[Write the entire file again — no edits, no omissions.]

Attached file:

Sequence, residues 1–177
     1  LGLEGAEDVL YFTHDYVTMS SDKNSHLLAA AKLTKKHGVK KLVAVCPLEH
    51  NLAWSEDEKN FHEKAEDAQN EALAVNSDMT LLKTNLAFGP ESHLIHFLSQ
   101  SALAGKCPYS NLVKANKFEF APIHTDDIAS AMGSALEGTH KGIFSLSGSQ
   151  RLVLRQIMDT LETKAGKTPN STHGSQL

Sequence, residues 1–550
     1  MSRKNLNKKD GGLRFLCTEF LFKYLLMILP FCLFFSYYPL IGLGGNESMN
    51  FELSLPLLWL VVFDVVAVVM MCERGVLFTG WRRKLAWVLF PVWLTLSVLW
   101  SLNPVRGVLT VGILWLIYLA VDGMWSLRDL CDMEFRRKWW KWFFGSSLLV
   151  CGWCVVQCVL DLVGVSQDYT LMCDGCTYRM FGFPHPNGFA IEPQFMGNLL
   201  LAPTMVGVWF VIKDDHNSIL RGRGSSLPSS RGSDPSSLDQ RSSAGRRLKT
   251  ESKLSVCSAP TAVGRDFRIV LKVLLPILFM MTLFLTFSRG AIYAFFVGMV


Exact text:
Sequence, residues 1–177
     1  LGLEGAEDVL YFTHDYVTMS SDKNSHLLAA AKLTKKHGVK KLVAVCPLEH
    51  NLAWSEDEKN FHEKAEDAQN EALAVNSDMT LLKTNLAFGP ESHLIHFLSQ
   101  SALAGKCPYS NLVKANKFEF APIHTDDIAS AMGSALEGTH KGIFSLSGSQ
   151  RLVLRQIMDT LETKAGKTPN STHGSQL

Sequence, residues 1–550
     1  MSRKNLNKKD GGLRFLCTEF LFKYLLMILP FCLFFSYYPL IGLGGNESMN
    51  FELSLPLLWL VVFDVVAVVM MCERGVLFTG WRRKLAWVLF PVWLTLSVLW
   101  SLNPVRGVLT VGILWLIYLA VDGMWSLRDL CDMEFRRKWW KWFFGSSLLV
   151  CGWCVVQCVL DLVGVSQDYT LMCDGCTYRM FGFPHPNGFA IEPQFMGNLL
   201  LAPTMVGVWF VIKDDHNSIL RGRGSSLPSS RGSDPSSLDQ RSSAGRRLKT
   251  ESKLSVCSAP TAVGRDFRIV LKVLLPILFM MTLFLTFSRG AIYAFFVGMV